Michael E. Sinatra est professeur d'anglais à l'Université de Montréal. Formé en romantisme à Oxford et spécialiste de Leigh Hunt, il est impliqué dans la publication numérique et les humanités numériques depuis vingt ans. Il est le rédacteur-fondateur de la revue électronique à comité de lecture financée par le CRSH, Romanticism on the Net (fondée en 1996 à Oxford et hébergée sur la plate-forme Érudit depuis 2002), qui a étendu son champ d'action à la période victorienne en 2007 et a changé de nom en Romanticism and Victorianism on the Net (RaVoN). Aux côtés de Marcello Vitali-Rosati, il a lancé au printemps 2014 une série de publications innovantes intitulée « Parcours numériques », qui comprend le volume Manuel des pratiques de l’édition numérique. Il est également le chef d'équipe du « Groupe de recherche sur les éditions critiques en contexte numérique ».
Ever since Ellen Moer's « Literary Women » (1976), « Frankenstein » has been recognized as a novel in which issues about authorship are intimately bound up with those of gender. The work has frequently been related to the circumstance of Shelley's combining the biological role of mother with the social role of author. [...]
Throughout his life, Percy Shelley remained constantly under attacks from reviewers. The criticisms were directed at the content of his works, his (supposed) imitative style, or his personal life. [...]
Questions of gender and genre in Frankenstein remain complex issues for contemporary critics, in the novel itself as well as in its cinematographic adaptations, from John Whale's classic 1931 version to Kenneth Branagh's 1994 "Mary Shelley's Frankenstein." Though science seems to be the unifying principle behind the main story of the novel and the films, I will argue that Shelley incorporates science and sexual orientation within her novel in a way that differs significantly from the films, and especially from Branagh's version.
Prefaces are often disregarded by readers who, more often than not, start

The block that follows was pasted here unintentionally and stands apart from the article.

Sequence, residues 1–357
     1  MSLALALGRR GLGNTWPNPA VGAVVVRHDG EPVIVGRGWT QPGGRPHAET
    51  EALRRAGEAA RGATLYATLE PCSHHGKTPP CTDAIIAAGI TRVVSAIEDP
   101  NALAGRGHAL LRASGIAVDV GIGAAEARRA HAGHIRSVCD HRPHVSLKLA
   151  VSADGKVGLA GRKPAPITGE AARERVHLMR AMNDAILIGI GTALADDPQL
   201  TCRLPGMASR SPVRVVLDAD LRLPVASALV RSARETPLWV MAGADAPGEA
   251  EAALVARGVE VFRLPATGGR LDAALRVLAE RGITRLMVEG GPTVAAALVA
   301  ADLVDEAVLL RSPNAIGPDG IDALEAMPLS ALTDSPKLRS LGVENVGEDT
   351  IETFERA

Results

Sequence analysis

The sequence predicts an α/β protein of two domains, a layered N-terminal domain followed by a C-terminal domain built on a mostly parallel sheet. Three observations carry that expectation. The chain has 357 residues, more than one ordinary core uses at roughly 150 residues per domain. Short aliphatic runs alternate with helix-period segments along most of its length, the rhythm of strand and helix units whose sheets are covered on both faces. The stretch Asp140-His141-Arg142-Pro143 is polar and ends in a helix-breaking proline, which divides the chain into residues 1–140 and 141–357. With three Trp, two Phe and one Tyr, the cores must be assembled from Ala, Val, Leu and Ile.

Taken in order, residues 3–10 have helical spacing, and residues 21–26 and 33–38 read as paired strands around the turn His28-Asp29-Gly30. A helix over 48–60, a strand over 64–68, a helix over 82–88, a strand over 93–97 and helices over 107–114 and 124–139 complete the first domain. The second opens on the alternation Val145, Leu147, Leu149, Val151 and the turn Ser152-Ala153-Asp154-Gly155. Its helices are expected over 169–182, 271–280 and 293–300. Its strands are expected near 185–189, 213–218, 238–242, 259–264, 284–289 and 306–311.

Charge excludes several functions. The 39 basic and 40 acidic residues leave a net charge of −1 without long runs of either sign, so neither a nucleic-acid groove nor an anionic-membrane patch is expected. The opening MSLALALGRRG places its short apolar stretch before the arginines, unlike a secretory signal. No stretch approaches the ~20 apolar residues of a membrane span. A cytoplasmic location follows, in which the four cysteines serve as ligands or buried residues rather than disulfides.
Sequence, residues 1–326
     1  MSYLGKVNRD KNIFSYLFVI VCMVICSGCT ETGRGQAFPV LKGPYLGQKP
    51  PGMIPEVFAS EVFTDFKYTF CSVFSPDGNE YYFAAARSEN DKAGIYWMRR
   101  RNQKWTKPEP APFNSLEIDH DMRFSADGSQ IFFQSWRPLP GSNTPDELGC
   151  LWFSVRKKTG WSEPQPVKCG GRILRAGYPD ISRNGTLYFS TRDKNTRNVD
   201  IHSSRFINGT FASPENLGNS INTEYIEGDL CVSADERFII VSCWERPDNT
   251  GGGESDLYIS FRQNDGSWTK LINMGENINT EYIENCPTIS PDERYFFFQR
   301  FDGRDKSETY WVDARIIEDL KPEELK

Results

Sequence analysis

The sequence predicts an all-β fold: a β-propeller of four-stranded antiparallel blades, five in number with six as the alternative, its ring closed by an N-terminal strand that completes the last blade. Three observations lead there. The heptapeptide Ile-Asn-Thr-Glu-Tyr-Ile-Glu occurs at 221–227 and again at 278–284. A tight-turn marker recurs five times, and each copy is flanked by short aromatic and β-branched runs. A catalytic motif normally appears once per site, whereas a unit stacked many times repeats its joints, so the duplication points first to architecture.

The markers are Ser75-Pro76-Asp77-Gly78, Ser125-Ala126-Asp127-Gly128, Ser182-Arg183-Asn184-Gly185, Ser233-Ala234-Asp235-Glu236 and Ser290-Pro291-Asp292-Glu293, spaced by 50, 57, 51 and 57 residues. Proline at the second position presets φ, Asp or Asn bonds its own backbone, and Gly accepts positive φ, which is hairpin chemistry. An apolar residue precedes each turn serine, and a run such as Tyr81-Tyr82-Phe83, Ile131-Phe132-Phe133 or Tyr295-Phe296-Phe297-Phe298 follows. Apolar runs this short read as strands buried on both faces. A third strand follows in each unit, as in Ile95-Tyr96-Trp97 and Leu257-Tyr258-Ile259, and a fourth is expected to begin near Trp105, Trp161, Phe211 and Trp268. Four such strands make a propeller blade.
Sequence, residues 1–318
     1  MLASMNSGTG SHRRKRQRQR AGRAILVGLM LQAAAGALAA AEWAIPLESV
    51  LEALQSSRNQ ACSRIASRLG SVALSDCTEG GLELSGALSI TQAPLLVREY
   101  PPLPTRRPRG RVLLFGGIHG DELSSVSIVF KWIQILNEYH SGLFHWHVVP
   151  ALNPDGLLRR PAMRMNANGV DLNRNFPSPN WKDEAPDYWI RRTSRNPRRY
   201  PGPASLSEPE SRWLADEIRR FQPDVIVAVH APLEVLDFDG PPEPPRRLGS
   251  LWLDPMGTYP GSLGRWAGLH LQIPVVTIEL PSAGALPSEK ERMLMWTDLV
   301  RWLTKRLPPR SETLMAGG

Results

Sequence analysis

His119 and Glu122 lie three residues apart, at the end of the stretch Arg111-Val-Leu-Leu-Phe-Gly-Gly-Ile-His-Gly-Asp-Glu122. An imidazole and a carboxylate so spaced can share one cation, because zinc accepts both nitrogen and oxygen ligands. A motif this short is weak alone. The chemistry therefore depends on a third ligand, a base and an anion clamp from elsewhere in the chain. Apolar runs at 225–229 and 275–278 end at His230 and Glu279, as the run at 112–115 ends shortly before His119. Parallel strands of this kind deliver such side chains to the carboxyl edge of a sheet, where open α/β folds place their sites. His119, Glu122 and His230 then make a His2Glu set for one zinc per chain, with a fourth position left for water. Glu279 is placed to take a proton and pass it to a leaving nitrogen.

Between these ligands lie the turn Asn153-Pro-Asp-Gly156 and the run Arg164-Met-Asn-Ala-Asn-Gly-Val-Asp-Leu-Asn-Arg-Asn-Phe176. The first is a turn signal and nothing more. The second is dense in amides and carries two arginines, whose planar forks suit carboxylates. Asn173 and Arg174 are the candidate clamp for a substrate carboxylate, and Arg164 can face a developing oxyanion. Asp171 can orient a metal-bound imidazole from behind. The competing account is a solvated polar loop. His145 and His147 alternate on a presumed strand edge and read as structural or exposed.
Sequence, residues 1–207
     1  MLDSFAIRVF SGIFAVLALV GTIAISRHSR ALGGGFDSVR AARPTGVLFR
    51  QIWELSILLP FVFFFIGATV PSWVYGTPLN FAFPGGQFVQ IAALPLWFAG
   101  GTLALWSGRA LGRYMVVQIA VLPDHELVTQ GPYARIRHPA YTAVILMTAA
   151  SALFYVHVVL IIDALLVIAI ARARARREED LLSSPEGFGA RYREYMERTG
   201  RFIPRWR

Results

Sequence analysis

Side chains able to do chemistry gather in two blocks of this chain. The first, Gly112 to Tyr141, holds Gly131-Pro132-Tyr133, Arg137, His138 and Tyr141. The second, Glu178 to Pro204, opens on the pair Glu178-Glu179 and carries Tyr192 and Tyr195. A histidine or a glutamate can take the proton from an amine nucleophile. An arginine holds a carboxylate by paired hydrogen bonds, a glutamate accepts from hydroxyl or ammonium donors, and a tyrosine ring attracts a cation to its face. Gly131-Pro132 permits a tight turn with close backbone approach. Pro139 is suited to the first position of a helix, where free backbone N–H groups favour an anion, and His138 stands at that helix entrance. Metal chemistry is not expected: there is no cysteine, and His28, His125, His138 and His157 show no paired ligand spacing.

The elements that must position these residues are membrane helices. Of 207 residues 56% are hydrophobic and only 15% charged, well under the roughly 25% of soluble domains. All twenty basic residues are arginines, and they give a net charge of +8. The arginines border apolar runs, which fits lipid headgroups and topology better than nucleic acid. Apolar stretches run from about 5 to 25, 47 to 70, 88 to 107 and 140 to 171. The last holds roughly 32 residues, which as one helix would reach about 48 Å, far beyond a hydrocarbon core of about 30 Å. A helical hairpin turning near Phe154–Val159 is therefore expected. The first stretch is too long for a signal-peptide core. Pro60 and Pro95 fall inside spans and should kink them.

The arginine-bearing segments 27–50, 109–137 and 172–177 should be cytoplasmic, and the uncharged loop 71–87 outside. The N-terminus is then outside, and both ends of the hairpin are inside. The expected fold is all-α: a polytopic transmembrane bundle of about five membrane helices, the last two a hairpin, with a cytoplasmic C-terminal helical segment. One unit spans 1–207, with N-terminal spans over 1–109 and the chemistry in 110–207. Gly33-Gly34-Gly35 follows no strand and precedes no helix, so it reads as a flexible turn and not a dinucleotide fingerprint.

without taking time to peruse them first. Sir Walter Scott knew this
perfectly well, and he wrote about it, very wittily, in 'A PostScript Which
Should Have Been a Preface', the last chapter of his novel Waverley
written in 1814: 'most novel readers, as my own conscience reminds me,
are apt to be guilty of the sin of omission respecting the same matter of
prefaces' . Scott refers to novel readers but poetry readers are also 'guilty
of the sin of omission', maybe even more so in so far as they may wish,
understandably enough, to read only poetry and not a prose introduction.
Many critics include prefaces in their analysis, but most of the time only as
a means of interpreting the work they precede. Thus critics limit the role of
prefaces simply to introductory materials and exclude any other potential
interpretation. It is sometimes forgotten that the very presence or absence
of a preface is already pregnant with meaning. [...]
Leigh Hunt's authorship of « A legend of Florence » (1840) — a drama inspired by the rich cultural, intellectual, and political climate of Italy — reflects, as Michael Eberle-Sinatra demonstrates in the final essay of the first section, not only a literary exchange between England and Italy, but argues that during the creation of his play, Hunt engaged in his own version of border crossing as he managed the transition between writing about and writing for the stage. A complex maneuver that required Hunt to rech beyond his own intellectual boundaries, the shift from critic to dramatist challenged and enriched his thoughts regarding the work of the theater.